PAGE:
>> "types" and "properties" and "expected values", etc. but as DanBri
>> these are not the formal semantics of RDFS domain and range.
>> These semantics are not expressed formally anywhere - except by
>> Dan. I think
>> this is a shaky foundation to build on.
>> Some properties are defined with a domain of Person _or_
>> Organization, for
>> example. If you want to express this "or", it translates into OWL
>> Antoine: Agree, but Dan seems to be saying we should not consider these
>> statements, etc, as stable. Sceptical about the value of really
>> semantics in the DC context, because alot of properties are loosely
>> defined -
>> just like Schema.org.
>> Bernard: But URIs used on both sides are the same (at schema.org and
>> If you assert any equivalence between DC and Schema.org property, the
>> URI you
>> use as subject of the triple is something that has a weird status now.
>> Schema.org does not provide a description, because the URI is not
>> The only dereferenceable definition is given by Schema.org. If we make
>> we have to be explicit about where the semantics are defined. If not
>> at rdfs.org,
>> where is there a formal definition?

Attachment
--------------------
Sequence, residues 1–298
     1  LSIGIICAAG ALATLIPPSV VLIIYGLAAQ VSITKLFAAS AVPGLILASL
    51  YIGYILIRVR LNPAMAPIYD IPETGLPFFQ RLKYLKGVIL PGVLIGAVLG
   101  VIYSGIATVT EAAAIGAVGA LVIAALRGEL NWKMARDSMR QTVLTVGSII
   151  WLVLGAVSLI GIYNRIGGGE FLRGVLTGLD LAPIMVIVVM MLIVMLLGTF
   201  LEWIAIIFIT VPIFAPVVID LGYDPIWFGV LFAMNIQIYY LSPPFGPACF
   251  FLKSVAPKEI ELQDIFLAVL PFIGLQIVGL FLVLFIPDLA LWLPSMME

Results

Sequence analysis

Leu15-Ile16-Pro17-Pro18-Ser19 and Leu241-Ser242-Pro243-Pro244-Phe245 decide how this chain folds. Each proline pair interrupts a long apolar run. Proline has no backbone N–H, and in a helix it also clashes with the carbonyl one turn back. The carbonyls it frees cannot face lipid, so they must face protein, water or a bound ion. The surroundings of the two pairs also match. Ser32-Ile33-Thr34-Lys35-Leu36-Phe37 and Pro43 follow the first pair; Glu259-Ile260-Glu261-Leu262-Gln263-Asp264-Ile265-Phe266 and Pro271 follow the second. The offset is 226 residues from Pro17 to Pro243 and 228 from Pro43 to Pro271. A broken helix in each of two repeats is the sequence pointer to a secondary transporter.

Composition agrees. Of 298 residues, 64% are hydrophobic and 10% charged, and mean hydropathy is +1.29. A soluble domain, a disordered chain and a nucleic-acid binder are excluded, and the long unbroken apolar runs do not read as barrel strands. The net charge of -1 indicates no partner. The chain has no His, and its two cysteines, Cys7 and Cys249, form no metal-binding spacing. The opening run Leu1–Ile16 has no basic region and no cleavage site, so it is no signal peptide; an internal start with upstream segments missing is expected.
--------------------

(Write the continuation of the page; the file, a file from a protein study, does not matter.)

>> Antoine: Okay with me to use rdfs.org. I will flag it if I see an rdfs.org
>> that is overcommitted - with semantics that are more constrained than
>> the schema.org
>> GordonD: +1 for using rdfs.org
>> Karen: I'm not sure how we could do this otherwise. How could we express
>> between things in RDF and things not in RDF?
>> Antoine: If equivalence is asserted between DC and non-RDF terms, implies
>> that the
>> target propertiy "is a property" - an analogous problem.
>> Bernard: Antoine, this relates to HTTP Range-14. If the owner of the URI
>> Schema.org does not declare the semantics of the URI, someone else
>> will, and
>> this is exactly what is happening. Giving semantics to URIs not owned
>> what is happening now. The other users of the URI will rely on the
>> formal definition provided by whomever - not necessarily the publisher
>> the URI. Of course, if Schema.org publishes formal definitions, we
>> use them, but until then no choice.
>> Tom: If we were to decide otherwise, we would have to change the contents
>> of ,
>> which uses the formal definitions at rdfs.org.
>> RESOLVED Use rdfs.org as basis of the mapping.
>> RESOLVED To Kirsten's question  -- how to add new proposals for
>> -- the response is to wait until the RDFa file is done, then fold in
>> proposals there.
>> Tom Baker <[log in to unmask]>
> Bernard Vatant